Compensation gates fly open for passengers of delayed or cancelled flights
Many airline passengers will be pleased to know that they will now be able to claim compensation when their flight is delayed or cancelled, following the recent decision in the case of Jet2.com Limited v Ronald Huzar . As many frustrated passengers will be aware, prior to this decision, airlines were able to rely on technical exceptions to avoid paying out compensation when flights are delayed or cancelled even though those affected were severely out of pocket.
Within the relevant EC regulation, the exception applies where the delay or cancellation is caused by ‘extraordinary circumstances’. A test was devised in the case of Wallentin-Hermann v Alitalia, to assist with establishing what that really means. The presiding Judge decided that a technical problem in an aircraft was only an ‘extraordinary circumstance’ when the problem is not inherent in the normal exercise of the activity of the air carrier concerned and it is beyond the actual control of that carrier on account of its nature or origin.
In the Jet2 case, Mr Huzar’s flight from Manchester to Malaga was delayed for 27 hours, following the discovery of a wiring defect. The airline provider asserted that this technical defect was an extraordinary circumstance as it was unexpected, unforeseen and unforeseeable.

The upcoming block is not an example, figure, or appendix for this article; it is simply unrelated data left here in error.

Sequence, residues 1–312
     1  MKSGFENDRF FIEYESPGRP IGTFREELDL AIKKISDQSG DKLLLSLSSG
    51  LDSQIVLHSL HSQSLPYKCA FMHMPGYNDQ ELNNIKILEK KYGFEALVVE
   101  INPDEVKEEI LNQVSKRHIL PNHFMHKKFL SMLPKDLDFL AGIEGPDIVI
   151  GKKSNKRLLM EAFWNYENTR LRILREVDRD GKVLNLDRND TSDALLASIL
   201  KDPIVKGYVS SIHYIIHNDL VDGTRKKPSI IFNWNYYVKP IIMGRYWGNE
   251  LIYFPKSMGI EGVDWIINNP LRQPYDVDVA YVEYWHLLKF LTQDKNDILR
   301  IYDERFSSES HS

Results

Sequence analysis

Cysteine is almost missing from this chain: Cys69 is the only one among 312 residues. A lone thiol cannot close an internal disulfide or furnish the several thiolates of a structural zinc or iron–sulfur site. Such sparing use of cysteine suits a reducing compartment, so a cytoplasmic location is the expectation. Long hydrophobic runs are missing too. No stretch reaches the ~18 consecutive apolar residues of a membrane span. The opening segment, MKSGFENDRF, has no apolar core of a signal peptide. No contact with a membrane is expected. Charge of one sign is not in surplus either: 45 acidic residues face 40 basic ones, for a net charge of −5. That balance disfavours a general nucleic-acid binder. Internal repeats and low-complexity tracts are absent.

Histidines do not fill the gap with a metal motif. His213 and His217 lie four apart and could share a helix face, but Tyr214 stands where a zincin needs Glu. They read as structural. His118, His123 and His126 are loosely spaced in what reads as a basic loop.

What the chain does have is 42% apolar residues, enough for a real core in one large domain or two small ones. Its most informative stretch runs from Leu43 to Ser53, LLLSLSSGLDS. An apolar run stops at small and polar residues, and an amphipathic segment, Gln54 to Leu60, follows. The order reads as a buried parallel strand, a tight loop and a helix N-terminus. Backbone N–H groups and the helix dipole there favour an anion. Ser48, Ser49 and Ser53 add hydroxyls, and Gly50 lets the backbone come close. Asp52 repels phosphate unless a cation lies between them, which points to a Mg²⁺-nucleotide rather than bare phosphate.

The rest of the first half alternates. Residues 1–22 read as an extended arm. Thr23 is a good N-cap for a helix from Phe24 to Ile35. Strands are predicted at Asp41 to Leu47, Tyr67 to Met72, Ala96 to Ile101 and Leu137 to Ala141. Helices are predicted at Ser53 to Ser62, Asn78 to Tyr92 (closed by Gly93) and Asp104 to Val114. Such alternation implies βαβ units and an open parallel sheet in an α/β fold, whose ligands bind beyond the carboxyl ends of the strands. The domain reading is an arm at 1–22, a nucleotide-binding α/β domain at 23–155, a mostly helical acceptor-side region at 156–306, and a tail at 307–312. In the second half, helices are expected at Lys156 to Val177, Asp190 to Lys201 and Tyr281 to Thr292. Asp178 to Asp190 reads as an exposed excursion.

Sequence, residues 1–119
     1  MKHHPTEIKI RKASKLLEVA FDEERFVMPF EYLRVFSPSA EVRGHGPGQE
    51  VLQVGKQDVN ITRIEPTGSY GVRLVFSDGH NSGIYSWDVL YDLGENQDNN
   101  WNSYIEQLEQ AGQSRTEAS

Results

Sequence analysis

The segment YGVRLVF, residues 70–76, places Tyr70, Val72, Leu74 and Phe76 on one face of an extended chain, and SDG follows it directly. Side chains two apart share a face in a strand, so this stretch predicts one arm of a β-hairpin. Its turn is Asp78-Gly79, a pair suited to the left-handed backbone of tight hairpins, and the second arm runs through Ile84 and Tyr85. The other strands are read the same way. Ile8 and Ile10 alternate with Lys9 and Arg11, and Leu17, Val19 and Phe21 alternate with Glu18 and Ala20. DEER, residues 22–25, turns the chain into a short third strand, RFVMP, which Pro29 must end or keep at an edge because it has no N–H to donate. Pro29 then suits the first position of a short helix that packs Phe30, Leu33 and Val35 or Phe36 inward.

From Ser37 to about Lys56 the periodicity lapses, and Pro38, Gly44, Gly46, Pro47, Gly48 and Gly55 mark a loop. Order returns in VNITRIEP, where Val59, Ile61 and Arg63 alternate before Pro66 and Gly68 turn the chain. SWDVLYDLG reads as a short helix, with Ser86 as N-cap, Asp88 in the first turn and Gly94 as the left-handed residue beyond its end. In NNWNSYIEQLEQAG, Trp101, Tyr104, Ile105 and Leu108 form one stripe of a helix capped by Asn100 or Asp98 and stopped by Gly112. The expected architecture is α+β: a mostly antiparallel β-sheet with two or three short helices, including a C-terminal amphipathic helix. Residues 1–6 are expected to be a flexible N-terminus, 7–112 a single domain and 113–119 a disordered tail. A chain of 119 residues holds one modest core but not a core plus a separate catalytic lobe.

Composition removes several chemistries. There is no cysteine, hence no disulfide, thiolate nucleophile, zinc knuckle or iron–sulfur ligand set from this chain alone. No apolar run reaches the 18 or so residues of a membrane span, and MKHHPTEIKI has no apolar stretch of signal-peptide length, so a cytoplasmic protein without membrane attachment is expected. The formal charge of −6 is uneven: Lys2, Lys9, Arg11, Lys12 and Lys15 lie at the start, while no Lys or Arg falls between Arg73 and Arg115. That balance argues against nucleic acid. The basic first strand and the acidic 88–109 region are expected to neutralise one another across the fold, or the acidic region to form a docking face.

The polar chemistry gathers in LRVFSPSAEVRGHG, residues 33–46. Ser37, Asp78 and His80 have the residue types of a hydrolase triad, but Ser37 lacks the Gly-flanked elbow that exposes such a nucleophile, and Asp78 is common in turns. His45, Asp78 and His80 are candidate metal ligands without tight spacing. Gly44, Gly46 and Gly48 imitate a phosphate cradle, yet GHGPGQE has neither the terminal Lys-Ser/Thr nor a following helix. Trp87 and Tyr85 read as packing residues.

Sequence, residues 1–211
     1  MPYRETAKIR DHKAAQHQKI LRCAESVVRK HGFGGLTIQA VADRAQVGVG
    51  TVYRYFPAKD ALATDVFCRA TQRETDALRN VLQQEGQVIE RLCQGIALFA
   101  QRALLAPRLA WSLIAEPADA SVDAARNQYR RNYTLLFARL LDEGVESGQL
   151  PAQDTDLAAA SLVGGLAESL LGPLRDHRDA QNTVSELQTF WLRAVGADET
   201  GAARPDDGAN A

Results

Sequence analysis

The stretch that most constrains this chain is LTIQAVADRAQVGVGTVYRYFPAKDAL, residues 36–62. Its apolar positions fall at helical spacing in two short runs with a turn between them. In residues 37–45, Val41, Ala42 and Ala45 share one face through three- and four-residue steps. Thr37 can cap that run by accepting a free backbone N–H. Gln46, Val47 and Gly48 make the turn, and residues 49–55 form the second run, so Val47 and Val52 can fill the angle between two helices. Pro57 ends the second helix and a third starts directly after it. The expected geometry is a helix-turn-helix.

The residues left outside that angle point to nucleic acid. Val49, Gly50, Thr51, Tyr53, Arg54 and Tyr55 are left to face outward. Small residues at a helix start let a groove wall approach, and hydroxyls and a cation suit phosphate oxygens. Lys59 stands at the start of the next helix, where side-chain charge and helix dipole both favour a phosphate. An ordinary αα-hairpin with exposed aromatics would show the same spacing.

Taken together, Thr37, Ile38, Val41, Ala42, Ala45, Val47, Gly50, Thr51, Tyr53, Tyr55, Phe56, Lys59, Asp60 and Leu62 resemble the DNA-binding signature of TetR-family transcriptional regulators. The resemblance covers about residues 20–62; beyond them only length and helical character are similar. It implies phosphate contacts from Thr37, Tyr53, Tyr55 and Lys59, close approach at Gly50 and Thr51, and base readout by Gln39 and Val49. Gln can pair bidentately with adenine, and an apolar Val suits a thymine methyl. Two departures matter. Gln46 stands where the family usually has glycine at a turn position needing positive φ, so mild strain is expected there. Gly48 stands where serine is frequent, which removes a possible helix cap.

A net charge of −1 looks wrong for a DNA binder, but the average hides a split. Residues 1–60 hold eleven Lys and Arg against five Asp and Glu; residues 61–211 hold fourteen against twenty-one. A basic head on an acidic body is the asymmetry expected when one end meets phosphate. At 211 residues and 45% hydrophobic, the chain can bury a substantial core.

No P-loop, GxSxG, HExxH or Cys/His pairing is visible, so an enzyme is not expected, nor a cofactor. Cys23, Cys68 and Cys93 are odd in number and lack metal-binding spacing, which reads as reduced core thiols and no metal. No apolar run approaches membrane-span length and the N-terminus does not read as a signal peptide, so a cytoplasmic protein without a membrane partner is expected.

However, the Judge found in favour of the passenger, who asserted that the technical defect was an inherent part of the normal exercise of the activity of the air carrier concerned and it was not beyond the actual control of that carrier – it is part of the air carrier’s wear and tear. Further, it was irrelevant that the problem was unforeseeable, as once the problem was identified, it was part of the normal activity of the air carrier to resolve it and was within their control to do so. Therefore, it follows that the defect was not an extraordinary circumstance and was not an expectation. Thus, compensation was awarded to Mr Huzar.
It is worth noting that the airliner went to great lengths to defend this (£350) claim. Over the course of the case, they instructed no less than four barristers and two firms of solicitors, demonstrating how important it was to the airliner that this precedent was not established, as it exposes them to a vast amount of claims going forward.
In summary, airline providers will no longer be able to avoid paying compensation when delays and cancellations are caused by technical faults (or other defects), which stem from the air craft itself. Extraordinary circumstances, in this respect, will now (predominantly) arise when they result from a third party influence, such as strikes, bad weather or air traffic control problems (etc.).
Airline passengers who suffer such delays or cancellations should immediately seek an explanation from the airliner as to the cause. If the airliner sights a defect with the air craft as the cause, passengers should request the compensation that they are legally due. Failing that, they should seek legal advice on their position.
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